Merchan said at the hearing Thursday that he has been conferring with U.S. District Judge Tanya S. Chutkan, who is presiding over the D.C. trial, and that after consulting with her, “We’re moving ahead to jury selection on March 25.”

Merchan also issued a 30-page decision rejecting Trump’s request to toss the case on grounds that prosecutors denied Trump his rights by letting too much time pass before filing charges. The judge found that any delay was excused or justified. Merchan denied the defense team’s bid to dismiss the case for what they argued was a discriminatory prosecution. But he slightly limited the scope of what prosecutors could argue about Trump’s allegedly illegal motives for producing false records.

In the hallway outside the courtroom, Trump vowed to campaign in the evenings while attending his New York trial. It is expected to last about six weeks, with the prosecution case taking up to 17 trial days. Since the trial will be held four days a week, that means the government’s case will take about a month.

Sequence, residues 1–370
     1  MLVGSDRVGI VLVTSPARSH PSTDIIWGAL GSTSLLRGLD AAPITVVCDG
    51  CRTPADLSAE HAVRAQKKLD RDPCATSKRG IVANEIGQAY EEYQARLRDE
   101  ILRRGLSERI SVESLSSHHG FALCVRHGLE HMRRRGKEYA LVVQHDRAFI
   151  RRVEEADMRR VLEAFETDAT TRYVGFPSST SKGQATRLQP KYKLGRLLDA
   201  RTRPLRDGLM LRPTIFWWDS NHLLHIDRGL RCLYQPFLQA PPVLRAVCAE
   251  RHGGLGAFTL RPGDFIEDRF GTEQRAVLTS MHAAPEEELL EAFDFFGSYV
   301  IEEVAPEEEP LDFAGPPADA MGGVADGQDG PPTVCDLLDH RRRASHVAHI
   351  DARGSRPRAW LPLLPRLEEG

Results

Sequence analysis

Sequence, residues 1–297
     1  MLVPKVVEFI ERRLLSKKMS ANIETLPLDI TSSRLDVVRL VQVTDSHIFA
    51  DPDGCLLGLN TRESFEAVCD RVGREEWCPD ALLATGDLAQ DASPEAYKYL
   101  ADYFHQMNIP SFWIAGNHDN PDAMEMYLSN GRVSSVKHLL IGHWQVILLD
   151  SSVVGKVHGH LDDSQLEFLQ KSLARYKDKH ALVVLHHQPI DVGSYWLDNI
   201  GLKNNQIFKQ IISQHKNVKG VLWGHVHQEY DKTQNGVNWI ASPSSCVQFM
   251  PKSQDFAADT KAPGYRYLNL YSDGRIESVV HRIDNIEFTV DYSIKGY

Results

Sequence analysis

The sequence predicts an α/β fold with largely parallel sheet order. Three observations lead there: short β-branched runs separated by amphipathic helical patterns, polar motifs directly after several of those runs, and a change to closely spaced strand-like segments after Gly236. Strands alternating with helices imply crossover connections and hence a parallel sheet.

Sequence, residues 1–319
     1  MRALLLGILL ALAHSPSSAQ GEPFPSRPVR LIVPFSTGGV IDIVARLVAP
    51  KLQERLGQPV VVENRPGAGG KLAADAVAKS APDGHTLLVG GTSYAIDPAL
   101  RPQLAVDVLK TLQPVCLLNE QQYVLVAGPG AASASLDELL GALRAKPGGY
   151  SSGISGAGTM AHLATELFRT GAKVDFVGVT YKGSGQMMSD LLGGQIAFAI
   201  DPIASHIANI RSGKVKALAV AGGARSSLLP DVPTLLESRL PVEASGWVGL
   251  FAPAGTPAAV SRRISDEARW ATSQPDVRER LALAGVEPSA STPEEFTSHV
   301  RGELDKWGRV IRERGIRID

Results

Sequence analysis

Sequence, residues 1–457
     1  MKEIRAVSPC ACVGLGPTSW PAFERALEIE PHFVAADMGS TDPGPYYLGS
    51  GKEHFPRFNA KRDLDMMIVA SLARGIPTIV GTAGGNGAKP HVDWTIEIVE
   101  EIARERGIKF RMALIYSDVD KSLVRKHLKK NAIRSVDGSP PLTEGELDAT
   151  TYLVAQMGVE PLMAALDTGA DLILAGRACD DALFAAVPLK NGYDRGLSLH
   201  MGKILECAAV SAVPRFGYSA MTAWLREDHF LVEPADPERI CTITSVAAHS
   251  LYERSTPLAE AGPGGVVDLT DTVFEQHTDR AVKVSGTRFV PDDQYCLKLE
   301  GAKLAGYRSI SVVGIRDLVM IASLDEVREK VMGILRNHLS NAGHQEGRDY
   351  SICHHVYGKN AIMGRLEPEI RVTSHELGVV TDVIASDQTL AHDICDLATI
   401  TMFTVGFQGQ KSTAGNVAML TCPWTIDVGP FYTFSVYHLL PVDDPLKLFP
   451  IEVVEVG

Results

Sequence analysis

“They want to keep me nice and busy so I can’t campaign so hard. But maybe we won’t have to campaign so hard because the other side is incompetent,” Trump said. “I’m going to have to sit here for months on a trial. I think it’s ridiculous, it’s unfair.”

In a statement, Bragg said he was pleased with Merchan’s decision and looked forward to the trial next month.

As Trump was appearing in front of Merchan, a separate proceeding played out in an Atlanta courtroom, where a judge heard evidence about the romantic relationship between Fulton County District Attorney Fani T. Willis (D) and her lead prosecutor in a sprawling case filed against Trump and more than a dozen others for allegedly conspiring to block the 2020 election results in that state. Defense lawyers have argued the Willis relationship has tainted the case, which Willis denies.